Friday, June 15, 2018

What is the elasticity of demand for Whole Foods?

After Amazon bought Whole Foods, there was increase in foot traffic (a proxy for sales):
Whole Foods’ foot traffic has increased roughly 3% year over year in each of the quarters since Amazon bought the chain, according to an analysis by Thasos Group, which uses mobile-phone location data to determine trends. That came after two straight years of stagnating sales at the chain before the deal. Higher foot traffic improves a retailer’s likelihood of sales, and the figure can be a used as a proxy for a chain’s health. Of 11 supermarkets analyzed by Thasos, Trader Joe’s and Sprouts customers were most eager to try out Whole Foods after the acquisition to potentially check out subsequent price cuts, with 8% of their regular shoppers visiting the rival chain.

Presumably caused by a decrease in price: Inc. AMZN -0.61% on Monday put itself in the unusual position of being a first-mover on price cuts when it slashed the sticker price on more than 100 items at Whole Foods Market Inc.,many by more than 30%. 

To calculate the implied price elasticity of demand for Whole Foods, divide the quantity increase by the price decrease:

 elasticity = (%change in Q)/(%change in P)=(+3%)/(-30%) = -0.1

Demand seems very inelastic.  If Amazon were trying to maximize profit on its Whole Food sales, it should have raised price, because revenue would have gone up, and quantity, and costs would have gone down.  In fact, the stock price reactions seem to underscore the unprofitability of the move:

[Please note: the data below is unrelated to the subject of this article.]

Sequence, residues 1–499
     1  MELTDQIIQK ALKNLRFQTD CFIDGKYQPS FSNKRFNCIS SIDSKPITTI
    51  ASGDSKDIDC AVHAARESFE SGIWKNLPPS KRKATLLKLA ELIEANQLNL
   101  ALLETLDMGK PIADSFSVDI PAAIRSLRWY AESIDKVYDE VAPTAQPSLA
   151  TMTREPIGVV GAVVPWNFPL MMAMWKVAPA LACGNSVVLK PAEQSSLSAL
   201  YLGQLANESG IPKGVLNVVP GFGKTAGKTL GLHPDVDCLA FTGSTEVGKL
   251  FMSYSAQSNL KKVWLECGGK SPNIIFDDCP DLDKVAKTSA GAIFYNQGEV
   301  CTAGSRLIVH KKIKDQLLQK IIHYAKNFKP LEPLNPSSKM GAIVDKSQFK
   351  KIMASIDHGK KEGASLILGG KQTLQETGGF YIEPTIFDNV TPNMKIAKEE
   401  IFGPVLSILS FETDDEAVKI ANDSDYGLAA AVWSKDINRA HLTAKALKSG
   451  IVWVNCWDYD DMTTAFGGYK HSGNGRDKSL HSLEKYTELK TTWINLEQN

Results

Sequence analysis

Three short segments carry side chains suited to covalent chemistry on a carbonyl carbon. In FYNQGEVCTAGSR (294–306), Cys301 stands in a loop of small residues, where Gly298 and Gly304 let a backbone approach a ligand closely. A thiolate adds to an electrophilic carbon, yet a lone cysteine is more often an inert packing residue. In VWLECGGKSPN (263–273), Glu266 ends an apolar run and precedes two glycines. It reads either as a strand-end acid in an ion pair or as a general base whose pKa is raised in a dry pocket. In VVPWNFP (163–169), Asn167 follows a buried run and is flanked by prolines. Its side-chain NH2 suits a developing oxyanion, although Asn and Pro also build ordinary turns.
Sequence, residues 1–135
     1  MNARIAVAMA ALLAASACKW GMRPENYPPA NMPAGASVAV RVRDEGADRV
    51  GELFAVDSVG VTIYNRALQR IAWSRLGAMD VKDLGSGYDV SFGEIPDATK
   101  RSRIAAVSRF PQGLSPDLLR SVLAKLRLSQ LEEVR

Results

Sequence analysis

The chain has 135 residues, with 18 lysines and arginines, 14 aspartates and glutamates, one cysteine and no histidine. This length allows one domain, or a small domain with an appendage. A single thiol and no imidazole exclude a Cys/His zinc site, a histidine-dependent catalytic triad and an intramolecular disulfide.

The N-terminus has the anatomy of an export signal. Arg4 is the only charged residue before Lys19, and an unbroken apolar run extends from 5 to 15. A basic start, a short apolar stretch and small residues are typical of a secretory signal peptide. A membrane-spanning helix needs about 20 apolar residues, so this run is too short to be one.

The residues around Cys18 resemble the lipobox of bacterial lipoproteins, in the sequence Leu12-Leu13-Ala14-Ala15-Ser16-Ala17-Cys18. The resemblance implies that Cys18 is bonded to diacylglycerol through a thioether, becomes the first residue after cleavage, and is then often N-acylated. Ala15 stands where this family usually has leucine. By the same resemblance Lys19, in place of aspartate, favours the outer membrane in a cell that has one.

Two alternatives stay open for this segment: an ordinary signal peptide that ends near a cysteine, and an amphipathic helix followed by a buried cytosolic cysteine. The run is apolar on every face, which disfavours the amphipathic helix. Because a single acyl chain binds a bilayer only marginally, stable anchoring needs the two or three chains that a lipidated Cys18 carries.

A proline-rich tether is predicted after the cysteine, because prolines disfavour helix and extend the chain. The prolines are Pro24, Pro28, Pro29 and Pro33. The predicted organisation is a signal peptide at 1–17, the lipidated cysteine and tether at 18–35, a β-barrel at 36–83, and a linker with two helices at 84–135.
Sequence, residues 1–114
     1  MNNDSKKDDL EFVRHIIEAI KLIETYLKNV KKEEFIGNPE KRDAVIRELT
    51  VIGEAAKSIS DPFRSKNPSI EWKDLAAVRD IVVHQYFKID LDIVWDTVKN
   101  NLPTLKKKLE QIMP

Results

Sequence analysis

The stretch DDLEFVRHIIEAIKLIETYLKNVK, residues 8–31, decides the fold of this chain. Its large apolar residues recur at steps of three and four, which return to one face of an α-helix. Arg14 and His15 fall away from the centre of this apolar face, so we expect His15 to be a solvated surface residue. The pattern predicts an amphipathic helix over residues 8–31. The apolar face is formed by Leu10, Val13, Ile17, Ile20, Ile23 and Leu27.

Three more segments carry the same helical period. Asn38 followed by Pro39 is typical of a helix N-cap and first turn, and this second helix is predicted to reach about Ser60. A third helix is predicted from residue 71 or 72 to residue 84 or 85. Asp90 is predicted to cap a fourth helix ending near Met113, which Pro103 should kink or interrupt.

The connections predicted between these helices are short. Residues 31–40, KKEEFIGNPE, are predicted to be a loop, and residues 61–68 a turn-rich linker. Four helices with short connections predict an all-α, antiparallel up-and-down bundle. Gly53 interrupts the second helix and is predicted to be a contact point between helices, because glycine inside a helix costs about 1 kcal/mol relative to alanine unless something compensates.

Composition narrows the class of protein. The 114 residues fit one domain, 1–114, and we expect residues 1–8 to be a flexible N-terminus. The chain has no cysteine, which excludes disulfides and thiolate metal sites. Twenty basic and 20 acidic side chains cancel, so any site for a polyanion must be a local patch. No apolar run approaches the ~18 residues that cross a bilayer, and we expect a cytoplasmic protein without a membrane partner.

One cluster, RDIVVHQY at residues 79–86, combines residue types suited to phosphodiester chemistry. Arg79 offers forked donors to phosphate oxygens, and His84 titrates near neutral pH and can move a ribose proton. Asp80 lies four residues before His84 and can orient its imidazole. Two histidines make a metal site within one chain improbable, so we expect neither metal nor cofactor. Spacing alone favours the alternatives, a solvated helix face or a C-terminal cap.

Investor concern that Amazon’s price cuts at Whole Foods will trigger a price war led to a stock selloff among traditional grocers Monday, continuing last week’s slide. Sprouts Farmers Market Inc.’s stock tumbled 10%, while Natural Grocers by Vitamin Cottage Inc. was down by more than 2%. Kroger, the largest U.S. grocery chain by stores and revenue, slipped 1.4% before largely recovering, while Wal-Mart Stores Inc.’s shares slid slightly.

What seems more plausible is that Amazon is applying its traditional pricing algorithms to the acquired Whole Foods stores.
Amazon typically relies on algorithms that scrape competitors’ prices before automatically matching or narrowly undercutting them on its website. It focuses on items that are most popular on the site and that drive traffic, according to former executives in Amazon’s retail divisions. That gives the retail giant a reputation for having the lowest prices, part of its strategy of driving more shopper traffic.